No other motive! Olivia Marchmont dropped down in a heap on the ground near her cousin’s feet; not kneeling, but grovelling upon the carpeted floor, writhing convulsively, with her hands twisted one in the other, and her head falling forward on her breast. She uttered no syllable of self-justification or denial. The pitiless words rained down upon her provoked no reply. But in the depths of her heart sounded the echo of Edward Arundel’s words: “The pride which has always held you aloof from those who might have loved you; . . . a discontented woman, whose gloomy face repels all natural affection.”
“O God!” she thought, “he might have loved me, then! He might have loved me, if I could have locked my anguish in my own heart, and smiled at him and flattered him.”
And then an icy indifference took possession of her. What did it matter that Edward Arundel repudiated and hated her? He had never loved her. His careless friendliness had made as wide a gulf between them as his bitterest hate could ever make. Perhaps, indeed, his new-born hate would be nearer to love than his indifference had been, for at least he would think of her now, if he thought ever so bitterly.
“Listen to me, Olivia Marchmont,” the young man said, while the woman still crouched upon the ground near his feet, self-confessed in the abandonment of her despair. “Wherever this girl may have gone, driven hence by your wickedness, I will follow her. My answer to the lie you have insinuated against me shall be my immediate marriage with my old friend’s orphan child. He knew me well enough to know how far I was above the baseness of a fortune-hunter, and he wished that I should be his daughter’s husband. I should be a coward and a fool were I to be for one moment influenced by such a slander as that which you have whispered in Mary Marchmont’s ear. It is not the individual only whom you traduce. You slander the cloth I wear, the family to which I belong; and my best justification will be the contempt in which I hold your infamous insinuations. When you hear that I have squandered Mary Marchmont’s fortune, or cheated the children I pray God she may live to bear me, it will be time enough for you to tell the world that your kinsman Edward Dangerfield Arundel is a swindler and a traitor.”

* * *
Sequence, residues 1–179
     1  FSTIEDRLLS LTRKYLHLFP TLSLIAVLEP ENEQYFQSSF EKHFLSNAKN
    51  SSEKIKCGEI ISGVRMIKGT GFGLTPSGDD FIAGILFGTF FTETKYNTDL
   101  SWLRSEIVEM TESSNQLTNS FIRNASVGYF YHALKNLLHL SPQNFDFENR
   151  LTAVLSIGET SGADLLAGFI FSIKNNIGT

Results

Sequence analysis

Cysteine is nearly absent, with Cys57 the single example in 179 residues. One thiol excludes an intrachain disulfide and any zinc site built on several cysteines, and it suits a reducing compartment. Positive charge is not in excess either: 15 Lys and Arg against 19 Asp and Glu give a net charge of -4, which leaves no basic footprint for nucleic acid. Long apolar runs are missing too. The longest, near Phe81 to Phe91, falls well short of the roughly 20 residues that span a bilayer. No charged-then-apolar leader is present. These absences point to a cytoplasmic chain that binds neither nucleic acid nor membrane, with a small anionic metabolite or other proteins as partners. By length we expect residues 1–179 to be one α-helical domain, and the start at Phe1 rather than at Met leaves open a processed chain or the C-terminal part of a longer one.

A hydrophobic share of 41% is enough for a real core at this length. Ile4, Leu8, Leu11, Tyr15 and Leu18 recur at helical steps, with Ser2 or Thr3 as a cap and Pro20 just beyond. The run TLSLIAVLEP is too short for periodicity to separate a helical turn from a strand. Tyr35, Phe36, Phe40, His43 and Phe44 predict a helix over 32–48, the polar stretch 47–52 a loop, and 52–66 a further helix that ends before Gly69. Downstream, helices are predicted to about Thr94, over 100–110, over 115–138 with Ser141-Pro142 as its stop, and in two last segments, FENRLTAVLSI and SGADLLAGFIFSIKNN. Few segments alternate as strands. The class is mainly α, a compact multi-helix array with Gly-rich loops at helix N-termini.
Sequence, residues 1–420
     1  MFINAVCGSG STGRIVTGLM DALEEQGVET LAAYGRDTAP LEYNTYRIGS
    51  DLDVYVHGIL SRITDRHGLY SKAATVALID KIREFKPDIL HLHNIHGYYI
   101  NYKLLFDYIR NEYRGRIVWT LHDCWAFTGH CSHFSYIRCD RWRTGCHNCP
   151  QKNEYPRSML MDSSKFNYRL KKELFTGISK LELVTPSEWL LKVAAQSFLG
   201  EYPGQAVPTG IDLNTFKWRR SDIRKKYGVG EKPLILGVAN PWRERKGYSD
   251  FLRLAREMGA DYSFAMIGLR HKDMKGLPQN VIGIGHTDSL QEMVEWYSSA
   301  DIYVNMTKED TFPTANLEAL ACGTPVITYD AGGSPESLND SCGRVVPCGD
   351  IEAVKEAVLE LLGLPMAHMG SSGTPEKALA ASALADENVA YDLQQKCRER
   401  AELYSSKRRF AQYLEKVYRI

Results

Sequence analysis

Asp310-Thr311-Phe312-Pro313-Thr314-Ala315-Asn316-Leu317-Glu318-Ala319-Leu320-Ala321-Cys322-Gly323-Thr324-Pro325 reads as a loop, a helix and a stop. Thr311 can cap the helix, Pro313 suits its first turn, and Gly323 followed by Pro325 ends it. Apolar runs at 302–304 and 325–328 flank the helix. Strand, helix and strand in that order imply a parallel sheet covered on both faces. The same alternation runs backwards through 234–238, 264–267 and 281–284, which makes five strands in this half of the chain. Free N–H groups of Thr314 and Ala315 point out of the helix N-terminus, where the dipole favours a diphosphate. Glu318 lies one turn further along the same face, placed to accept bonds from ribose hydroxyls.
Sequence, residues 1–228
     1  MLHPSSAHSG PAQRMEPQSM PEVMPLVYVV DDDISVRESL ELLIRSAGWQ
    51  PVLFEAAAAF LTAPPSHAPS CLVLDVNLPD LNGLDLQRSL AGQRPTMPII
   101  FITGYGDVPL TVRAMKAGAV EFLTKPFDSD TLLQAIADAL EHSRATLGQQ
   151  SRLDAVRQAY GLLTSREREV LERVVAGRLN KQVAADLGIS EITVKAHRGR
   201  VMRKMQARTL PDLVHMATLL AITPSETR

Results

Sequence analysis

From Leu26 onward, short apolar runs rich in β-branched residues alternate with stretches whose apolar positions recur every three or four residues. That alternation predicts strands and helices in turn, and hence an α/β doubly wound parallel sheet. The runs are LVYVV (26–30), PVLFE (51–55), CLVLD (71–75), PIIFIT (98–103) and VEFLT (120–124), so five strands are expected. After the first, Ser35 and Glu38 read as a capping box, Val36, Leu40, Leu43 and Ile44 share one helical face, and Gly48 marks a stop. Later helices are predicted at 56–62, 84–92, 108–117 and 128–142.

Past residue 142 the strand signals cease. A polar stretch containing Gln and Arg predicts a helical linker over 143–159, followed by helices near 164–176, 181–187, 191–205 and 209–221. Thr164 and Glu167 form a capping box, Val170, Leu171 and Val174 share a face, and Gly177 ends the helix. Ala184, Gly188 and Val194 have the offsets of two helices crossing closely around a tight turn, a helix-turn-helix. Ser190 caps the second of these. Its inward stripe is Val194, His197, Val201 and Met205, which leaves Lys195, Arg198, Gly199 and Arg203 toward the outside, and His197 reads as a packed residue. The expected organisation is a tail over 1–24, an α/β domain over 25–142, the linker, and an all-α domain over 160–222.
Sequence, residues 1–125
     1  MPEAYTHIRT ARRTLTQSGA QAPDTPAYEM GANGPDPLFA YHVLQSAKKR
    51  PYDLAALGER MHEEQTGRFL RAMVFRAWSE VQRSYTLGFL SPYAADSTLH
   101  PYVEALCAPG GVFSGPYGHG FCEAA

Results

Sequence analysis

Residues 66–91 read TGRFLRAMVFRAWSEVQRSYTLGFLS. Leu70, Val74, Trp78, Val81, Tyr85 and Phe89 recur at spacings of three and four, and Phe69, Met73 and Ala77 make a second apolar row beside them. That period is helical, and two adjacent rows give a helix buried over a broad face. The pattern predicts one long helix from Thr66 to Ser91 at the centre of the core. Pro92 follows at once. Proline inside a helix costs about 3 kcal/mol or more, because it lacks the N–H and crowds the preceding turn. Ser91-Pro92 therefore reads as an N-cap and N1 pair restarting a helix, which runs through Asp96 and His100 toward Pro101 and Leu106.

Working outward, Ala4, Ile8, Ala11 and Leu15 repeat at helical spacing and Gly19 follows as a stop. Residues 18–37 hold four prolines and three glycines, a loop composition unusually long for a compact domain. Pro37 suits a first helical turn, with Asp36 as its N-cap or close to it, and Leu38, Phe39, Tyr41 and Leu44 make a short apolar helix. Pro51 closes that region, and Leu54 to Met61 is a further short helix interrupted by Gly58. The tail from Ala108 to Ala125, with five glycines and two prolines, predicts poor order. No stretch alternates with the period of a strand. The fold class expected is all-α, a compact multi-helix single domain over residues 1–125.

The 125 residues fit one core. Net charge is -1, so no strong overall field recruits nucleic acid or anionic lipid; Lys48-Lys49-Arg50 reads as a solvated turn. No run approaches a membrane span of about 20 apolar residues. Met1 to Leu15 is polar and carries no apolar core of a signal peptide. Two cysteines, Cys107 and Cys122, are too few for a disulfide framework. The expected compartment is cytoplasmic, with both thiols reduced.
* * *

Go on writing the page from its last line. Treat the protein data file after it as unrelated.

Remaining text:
He strode out into the hall, leaving his cousin on the ground; and she heard his voice outside the dining-room door making inquiries of the servants.
They could tell him nothing of Mary’s flight. Her bed had not been slept in; nobody had seen her leave the house; it was most likely, therefore, that she had stolen away very early, before the servants were astir.